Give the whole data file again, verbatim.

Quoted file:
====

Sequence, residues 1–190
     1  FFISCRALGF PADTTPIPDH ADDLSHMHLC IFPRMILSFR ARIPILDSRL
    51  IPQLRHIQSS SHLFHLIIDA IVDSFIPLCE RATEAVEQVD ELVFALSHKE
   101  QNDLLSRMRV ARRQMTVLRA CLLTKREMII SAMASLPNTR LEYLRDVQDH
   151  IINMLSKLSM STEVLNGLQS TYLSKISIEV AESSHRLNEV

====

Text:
Sequence, residues 1–190
     1  FFISCRALGF PADTTPIPDH ADDLSHMHLC IFPRMILSFR ARIPILDSRL
    51  IPQLRHIQSS SHLFHLIIDA IVDSFIPLCE RATEAVEQVD ELVFALSHKE
   101  QNDLLSRMRV ARRQMTVLRA CLLTKREMII SAMASLPNTR LEYLRDVQDH
   151  IINMLSKLSM STEVLNGLQS TYLSKISIEV AESSHRLNEV